Wednesday, December 9, 2015

First Session with Cinnamon

Today I had a work day that started very early -- but allowed me to be home before dark.  A storm is moving into the area tonight and I wanted to help Brett bring the horses into the barn.  After bringing in the girls and Jackson, we headed into the boy's pasture.  Flash met us at the gate while Mufasa Cinnamon stood watching from a safe distance.  I walked over, in a matter-of-fact, unhurried way.  He watched me and quivered a bit.  I centered myself and focused on his energy.  I could feel him wanting to leave so I said "whoa" in a firm, even voice.  He stood and I praised him for being brave.  I ran my hand under his long, matted mane and scratched his withers before putting on the halter.  As I slid it over his nose, he reversed and ducked his nose out -- and trotted off.

Interestingly, Cinnamon put himself on a large circle -- maybe 40 meters -- around me.  So, I behaved as if I were lunging him at liberty.  He was confused at first, but then complied.  Brett was mucking the pasture and Cinnamon trotted over and stopped near Brett and the muck cart.  I walked over and was able to stand next to Cinnamon for a few minutes, before the quivering won out and he left.  I didn't attempt to do anything with the halter.  I just wanted him to relax with me standing there.

We did some more circles of trot and then he stopped in a far corner.  I approached and he stayed.  Again, I rubbed and scratched him.  He wanted to leave (I wish I knew what he was so worried about) but he didn't.  I put the rope across his neck and, again, told him to whoa.  This time I was able to slide the halter on without a problem.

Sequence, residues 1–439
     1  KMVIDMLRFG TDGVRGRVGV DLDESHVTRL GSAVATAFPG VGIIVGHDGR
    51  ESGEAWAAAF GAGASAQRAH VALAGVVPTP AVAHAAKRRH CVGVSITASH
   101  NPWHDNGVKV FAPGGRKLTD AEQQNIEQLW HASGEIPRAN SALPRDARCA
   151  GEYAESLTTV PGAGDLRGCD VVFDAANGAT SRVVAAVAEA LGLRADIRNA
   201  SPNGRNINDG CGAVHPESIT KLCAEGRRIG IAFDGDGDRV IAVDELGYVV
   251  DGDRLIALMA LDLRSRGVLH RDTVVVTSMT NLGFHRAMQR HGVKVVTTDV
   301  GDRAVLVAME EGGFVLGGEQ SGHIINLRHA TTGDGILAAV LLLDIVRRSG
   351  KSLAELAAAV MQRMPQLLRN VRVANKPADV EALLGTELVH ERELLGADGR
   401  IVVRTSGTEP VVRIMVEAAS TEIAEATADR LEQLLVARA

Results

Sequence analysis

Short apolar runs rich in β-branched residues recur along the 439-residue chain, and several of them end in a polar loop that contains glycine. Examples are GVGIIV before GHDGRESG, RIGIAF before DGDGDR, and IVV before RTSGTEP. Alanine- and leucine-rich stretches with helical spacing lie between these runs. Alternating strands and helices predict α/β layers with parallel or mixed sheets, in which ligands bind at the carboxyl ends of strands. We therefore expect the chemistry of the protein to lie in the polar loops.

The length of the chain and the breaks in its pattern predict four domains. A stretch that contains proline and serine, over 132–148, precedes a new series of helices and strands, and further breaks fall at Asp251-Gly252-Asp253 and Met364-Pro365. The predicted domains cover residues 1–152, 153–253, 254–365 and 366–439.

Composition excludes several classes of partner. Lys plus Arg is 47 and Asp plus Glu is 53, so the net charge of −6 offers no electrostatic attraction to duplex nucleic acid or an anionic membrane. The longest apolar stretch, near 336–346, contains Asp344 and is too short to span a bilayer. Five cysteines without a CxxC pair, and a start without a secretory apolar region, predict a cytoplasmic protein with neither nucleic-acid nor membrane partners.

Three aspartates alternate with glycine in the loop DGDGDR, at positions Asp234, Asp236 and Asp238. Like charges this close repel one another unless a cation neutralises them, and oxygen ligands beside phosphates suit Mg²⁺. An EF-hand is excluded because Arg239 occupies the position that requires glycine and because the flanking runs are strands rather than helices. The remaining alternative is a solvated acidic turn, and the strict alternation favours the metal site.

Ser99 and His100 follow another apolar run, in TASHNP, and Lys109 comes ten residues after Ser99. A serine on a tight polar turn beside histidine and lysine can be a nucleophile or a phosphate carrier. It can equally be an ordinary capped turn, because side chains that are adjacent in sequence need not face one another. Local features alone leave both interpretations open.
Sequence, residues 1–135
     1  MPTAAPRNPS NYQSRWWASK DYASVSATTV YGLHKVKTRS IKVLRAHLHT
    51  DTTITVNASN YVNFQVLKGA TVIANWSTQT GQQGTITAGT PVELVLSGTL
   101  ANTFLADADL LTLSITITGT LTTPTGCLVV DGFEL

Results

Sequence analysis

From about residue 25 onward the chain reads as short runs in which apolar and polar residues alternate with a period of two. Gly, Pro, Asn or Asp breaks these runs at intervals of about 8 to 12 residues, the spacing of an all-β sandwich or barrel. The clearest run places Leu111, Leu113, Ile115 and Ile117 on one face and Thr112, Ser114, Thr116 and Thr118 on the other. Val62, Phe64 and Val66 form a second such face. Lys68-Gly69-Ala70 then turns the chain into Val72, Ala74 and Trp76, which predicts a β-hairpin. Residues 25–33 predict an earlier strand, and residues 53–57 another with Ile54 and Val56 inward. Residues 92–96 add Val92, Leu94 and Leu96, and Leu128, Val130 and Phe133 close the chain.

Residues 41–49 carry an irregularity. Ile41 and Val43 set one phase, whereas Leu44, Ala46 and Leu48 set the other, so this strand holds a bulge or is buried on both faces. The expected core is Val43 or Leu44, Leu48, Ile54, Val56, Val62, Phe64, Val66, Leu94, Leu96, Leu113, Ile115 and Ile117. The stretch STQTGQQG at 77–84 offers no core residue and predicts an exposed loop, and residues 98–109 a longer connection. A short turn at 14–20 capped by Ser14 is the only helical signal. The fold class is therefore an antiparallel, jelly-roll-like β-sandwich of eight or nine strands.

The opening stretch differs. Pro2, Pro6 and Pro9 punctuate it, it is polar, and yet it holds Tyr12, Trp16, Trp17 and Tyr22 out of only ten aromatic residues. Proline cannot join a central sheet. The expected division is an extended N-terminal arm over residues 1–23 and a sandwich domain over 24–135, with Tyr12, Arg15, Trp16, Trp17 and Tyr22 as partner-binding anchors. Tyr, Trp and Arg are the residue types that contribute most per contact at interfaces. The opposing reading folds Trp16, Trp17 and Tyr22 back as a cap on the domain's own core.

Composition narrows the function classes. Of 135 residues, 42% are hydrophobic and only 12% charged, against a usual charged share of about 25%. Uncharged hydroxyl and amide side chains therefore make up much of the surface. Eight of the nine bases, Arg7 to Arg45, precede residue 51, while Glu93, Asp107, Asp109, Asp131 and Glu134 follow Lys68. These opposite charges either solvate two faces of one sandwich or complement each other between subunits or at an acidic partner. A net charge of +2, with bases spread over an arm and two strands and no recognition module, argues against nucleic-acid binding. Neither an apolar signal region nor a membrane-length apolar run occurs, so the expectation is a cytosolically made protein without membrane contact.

We walked out of the pasture and up past the donkeys to the dressage court.  Brett had added some more wood barriers to keep the sand from washing away and I wanted to see them.  As we walked along the outside of the arena, Tuffy started playing hard in the pasture behind us -- galloping, bucking and farting.  I jumped at the sudden noise.  Cinnamon took one step sideways, away from me, and stopped.  He handled it better than me.

I was able to lead him all over the property on a loose lead.  He does have lovely ground manners.

Next we practiced approaching the tie rail.  This has been a constant struggle for Brett.  Mufasa plants his feet or runs backwards.  He does not like the black stall mats in front of the tie rail -- I wonder if they look like a big black hole to him.  We approached the end of the mat in front of the tie rail and he stopped, then took a couple steps backwards.  I backed him up a few more steps, then walked forward again.  Same thing.  So, I backed him up fast.  He wasn't thrilled with that and followed me right onto the mat.

Last, when I took him into his stall, I asked him to lower his head while I took off the halter.  He braced initially, then gave a few inches.  It was enough.  I took off the halter and gave him a cookie.

Its a start.  I want Cinnamon to understand the rules.  I have clear expectations about grand manners.  I want him to trust me while we work together.  Having clear boundaries and expectations will ensure that he is successful.  I want him to learn that he doesn't have to worry about things when he is with me.  I was pleased, overall, with how it went today.  It's a start.

Tuesday, December 8, 2015

The Changing Lens: Part 1